Leah Lockhart captures in a profound way why government systems and software tend to be so bad. Bad government software – the user-hostile, complicated, enterprise systems that public servants everywhere are accustomed to – trains public servants to have low expectations of government software systems. Then, as they progress over time into leadership roles, they make IT decisions based on the low expectations they were trained to expect.
Read more →It’s been about a month now since federal government employees have been asked to work from home. The sudden shift to a fully remote workforce quickly overwhelmed the IT infrastructure used to access corporate networks from home. The future fix to this problem is to move away from having corporate networks entirely.
Read more →As governments and organizations around the world have grappled with the COVID-19 pandemic, their efforts to reuse and remix others’ work have stood out as a bright spot. Within Canada and around the world, there’s a lot of neat ways that people and teams have been learning from and sharing with each other. This should become the norm, not the exception.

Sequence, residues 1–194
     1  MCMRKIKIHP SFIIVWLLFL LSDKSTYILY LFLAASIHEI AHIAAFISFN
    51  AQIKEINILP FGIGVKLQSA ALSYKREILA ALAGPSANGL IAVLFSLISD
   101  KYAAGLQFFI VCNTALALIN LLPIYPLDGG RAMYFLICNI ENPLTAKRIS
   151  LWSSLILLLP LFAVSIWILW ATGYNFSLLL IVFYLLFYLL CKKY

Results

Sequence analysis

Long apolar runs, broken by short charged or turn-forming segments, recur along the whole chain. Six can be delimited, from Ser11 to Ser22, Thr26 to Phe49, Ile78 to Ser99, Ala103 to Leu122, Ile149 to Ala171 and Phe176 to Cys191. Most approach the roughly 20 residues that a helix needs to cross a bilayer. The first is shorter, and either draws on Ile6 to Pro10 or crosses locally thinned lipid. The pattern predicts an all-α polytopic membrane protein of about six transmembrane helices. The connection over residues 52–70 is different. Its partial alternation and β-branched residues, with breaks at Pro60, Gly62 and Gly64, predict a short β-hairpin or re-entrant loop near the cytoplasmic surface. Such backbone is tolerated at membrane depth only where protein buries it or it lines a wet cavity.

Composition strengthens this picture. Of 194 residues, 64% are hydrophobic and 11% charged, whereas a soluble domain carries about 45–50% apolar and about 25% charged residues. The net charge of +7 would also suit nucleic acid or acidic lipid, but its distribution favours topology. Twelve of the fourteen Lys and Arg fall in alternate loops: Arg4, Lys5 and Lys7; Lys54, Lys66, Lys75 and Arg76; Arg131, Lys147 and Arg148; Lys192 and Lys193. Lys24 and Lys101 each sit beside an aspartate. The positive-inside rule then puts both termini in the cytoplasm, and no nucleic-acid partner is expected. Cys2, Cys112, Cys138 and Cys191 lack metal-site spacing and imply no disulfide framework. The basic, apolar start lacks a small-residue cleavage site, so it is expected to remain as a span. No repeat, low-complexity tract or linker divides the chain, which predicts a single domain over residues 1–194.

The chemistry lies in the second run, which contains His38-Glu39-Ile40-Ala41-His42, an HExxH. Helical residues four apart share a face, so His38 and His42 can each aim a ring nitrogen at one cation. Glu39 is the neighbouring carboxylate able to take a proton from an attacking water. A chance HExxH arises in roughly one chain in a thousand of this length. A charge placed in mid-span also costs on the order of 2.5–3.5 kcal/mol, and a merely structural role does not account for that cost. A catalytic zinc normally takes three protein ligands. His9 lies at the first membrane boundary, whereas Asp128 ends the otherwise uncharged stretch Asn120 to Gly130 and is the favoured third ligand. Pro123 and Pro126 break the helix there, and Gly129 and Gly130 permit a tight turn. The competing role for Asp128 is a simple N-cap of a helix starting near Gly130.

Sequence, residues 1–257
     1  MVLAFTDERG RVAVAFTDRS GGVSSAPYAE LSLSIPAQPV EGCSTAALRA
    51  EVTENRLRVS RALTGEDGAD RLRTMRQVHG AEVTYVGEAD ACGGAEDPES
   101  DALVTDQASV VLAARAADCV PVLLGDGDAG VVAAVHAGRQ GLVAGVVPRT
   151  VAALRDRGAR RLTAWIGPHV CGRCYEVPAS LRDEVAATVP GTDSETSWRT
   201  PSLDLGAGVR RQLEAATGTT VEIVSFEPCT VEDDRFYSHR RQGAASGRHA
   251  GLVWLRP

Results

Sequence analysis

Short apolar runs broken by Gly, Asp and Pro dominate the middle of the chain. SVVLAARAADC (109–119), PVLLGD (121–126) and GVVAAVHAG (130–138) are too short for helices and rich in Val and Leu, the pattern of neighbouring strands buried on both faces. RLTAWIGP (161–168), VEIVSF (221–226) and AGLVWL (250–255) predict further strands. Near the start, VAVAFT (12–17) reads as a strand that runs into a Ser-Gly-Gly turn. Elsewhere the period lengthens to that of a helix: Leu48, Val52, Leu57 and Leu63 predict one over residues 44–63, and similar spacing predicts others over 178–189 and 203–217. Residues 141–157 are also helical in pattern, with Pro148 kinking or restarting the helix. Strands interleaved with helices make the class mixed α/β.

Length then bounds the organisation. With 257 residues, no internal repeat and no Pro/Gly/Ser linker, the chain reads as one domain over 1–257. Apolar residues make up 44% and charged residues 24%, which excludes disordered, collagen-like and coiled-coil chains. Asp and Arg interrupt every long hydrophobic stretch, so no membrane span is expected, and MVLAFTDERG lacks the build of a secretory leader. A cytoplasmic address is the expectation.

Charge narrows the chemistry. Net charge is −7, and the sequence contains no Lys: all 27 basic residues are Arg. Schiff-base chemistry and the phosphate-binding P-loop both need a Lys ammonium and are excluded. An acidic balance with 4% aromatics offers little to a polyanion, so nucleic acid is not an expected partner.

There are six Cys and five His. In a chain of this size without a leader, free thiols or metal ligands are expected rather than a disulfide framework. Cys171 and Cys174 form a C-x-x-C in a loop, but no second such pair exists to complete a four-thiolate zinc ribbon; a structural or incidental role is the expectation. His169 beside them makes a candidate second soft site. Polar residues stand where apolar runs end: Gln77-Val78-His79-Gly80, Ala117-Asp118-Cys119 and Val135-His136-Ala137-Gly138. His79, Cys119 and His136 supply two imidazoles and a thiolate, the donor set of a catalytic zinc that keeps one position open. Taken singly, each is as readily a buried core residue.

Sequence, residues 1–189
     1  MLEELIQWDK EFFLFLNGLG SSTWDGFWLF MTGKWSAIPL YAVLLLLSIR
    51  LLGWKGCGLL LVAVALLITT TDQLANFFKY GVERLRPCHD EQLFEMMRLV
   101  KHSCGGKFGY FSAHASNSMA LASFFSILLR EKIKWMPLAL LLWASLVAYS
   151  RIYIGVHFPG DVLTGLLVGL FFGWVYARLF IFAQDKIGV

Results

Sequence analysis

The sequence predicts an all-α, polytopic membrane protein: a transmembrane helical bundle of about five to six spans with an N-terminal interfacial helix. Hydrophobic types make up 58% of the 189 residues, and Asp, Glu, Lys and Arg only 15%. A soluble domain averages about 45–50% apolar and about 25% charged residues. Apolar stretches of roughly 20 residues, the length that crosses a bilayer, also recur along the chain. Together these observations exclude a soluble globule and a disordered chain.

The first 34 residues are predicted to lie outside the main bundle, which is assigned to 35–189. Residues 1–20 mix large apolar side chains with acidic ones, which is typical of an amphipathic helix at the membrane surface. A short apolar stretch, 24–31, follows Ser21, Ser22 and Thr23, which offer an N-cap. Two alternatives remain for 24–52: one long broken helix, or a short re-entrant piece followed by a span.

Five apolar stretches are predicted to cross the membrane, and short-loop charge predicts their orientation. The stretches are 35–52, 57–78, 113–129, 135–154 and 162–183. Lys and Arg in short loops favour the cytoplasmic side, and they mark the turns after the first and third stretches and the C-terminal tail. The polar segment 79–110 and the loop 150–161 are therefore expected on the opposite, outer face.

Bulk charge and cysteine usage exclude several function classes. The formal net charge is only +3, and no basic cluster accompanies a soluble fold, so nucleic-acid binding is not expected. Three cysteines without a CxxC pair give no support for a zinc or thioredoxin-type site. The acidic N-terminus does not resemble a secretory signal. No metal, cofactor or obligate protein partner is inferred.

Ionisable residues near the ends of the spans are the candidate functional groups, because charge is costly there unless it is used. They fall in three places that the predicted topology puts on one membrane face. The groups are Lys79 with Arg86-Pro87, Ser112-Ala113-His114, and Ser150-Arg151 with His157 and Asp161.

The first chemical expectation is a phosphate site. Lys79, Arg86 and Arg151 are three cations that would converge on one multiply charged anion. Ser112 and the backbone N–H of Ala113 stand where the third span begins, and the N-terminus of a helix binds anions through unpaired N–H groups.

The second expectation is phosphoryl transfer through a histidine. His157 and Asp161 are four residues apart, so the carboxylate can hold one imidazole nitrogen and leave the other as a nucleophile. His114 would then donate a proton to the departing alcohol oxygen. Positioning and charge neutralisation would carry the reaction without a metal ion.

Read more →One of the most persistent myths in Canadian government IT is that storing your data in Canada protects it against eavesdropping or interception by foreign governments. If someone on your government team has asked to use a new online tool and your reaction is, “no, you can’t, because it’s hosted in the United States,” this article is for you.
Read more →It’s been a strange, unfamiliar, and in a lot of ways distressing past few weeks for people. My default approach is to try to find the silver linings in any situation; now doesn’t feel like the moment.
Read more →I read a great post this week from Robin Rendle, about design systems and about the mismatch between how people describe their work publicly and how it’s really going on the inside: “My hunch is this: folks can’t talk about real design systems problems because it will show their company as being dysfunctional and broken in some way. But hiding those mistakes and shortcomings by glossing over everything doesn’t just make it harder for us personally, it hinders progress within the field itself.” This couldn’t be a better description of public service modernization efforts as well.